software to further facilitate many library operations, including ordering,
cataloging, circulation, billing, and provision of an online public
access catalog. Mark noted that the libraries' data will remain portable
and not be tied to the system of a particular vendor.
November 7 Meeting (PCL 3.204)
The associate director for administrative services, Kay Sewell, made
a report to the committee on the planned addition to the Library Storage
Facility (LSF) on the Pickle Research Campus. The present storage facility,
completed in 1993, occupies approximately 11,000 sq. ft. and holds
10,000 4’x3’ shelves. The facility is 99% full.
The second unit will also occupy about 11,000 sq. ft. and will include
an additional 4,700 sq. ft. of processing and service area. UT Austin
and TAMU, with UT putting up $2M towards construction and TAMU $1.25M,
are jointly constructing it. It will hold an estimated 1.7M volumes.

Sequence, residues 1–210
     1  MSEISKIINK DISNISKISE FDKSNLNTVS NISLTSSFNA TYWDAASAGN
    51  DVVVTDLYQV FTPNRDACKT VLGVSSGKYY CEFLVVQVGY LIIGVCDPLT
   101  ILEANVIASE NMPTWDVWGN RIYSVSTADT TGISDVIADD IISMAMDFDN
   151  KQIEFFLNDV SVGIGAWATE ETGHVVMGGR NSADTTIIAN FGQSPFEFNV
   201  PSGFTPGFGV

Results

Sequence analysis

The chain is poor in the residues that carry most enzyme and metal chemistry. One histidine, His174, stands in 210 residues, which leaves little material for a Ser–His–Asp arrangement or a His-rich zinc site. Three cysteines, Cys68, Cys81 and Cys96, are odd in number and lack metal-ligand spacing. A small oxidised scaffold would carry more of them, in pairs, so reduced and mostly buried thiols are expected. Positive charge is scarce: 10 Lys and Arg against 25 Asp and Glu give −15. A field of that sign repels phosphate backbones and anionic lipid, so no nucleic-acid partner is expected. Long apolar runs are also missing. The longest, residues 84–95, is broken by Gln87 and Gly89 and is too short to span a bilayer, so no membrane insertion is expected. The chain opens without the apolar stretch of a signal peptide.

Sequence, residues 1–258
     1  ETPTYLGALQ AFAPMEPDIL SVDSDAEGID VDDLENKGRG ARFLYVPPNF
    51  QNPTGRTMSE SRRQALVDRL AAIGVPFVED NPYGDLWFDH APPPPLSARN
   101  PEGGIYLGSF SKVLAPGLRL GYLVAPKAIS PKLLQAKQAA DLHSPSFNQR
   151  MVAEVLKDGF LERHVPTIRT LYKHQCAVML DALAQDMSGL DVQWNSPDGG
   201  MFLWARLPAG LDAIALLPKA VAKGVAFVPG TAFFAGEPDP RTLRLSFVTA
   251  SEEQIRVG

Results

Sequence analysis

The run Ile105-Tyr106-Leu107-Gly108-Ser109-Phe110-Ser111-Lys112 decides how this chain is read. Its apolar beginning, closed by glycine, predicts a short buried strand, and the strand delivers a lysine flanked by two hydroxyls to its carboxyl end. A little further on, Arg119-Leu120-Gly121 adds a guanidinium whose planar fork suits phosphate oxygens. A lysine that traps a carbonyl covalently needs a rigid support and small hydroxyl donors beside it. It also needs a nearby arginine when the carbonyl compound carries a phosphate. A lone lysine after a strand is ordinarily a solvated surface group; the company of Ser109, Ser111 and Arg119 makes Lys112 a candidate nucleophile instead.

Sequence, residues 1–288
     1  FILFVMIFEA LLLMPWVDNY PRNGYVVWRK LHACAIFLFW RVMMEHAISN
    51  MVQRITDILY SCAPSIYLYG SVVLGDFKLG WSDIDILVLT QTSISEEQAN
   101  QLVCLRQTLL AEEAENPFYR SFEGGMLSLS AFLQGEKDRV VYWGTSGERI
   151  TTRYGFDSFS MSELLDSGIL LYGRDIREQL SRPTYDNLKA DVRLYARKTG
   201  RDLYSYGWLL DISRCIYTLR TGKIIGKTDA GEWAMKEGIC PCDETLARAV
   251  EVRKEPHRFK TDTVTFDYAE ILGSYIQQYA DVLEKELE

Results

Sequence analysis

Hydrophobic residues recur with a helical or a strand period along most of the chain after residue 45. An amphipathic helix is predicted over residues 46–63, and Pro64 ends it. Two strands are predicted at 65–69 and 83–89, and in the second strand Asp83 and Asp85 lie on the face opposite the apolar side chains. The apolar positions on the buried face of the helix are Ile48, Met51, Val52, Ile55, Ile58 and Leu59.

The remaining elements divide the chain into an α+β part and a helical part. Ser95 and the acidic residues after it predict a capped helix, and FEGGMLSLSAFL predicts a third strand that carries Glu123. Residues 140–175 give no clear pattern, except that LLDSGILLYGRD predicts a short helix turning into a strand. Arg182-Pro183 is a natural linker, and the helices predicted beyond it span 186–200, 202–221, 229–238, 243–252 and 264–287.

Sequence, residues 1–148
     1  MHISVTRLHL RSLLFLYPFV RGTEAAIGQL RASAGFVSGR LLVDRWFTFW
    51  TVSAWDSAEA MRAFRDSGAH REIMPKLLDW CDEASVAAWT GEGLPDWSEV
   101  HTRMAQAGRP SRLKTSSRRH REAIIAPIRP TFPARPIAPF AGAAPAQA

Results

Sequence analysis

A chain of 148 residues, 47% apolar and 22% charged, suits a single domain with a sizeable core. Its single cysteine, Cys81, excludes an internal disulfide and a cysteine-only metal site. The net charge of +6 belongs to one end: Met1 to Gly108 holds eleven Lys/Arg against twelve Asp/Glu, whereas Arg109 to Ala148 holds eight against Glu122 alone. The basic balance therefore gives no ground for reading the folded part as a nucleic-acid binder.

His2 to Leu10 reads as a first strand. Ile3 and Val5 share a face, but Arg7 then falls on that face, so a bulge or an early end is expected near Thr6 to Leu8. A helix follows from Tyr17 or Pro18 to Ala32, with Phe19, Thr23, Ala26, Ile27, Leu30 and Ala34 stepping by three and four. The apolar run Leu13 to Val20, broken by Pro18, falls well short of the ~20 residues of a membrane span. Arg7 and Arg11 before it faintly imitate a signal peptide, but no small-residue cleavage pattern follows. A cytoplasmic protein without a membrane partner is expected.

There is no start date slated yet, but once construction begins, the
project should be completed in 18 months. The Libraries are hoping
to have the slab for LSF 3 poured at the same time to save money later
on. Usage of the current materials at LSF is fairly low. Construction
costs now are comparable to those of 1993, at about $300 per sq. ft.
The LSF is modeled on the Harvard storage facility.
Mark McFarland reported
on the intended purposes of the Texas Digital Library (TDL) project,
undertaken by the five Texas Applied Research Laboraties (ARL) members:
UT Austin, TAMU, Texas Tech, U Houston, and Rice. TDL is seen as a
ten-year collaborative project to promote scholarly communication and
access, to facilitate the digitization of theses and dissertations,
and to leverage the relative scarcity of available funding for the
increasing numbers of would-be online users. The hardware and software
will initially be based at UT Austin, with TDL staff funded by the
five directors of the Texas ARL libraries. The release date of the
initial site is planned for February 1, 2006.
October 21, 25, and 28
"Behind-the-scenes" tours of Perry-Castañeda Library
were taken by small groups of University of Texas Libraries Committee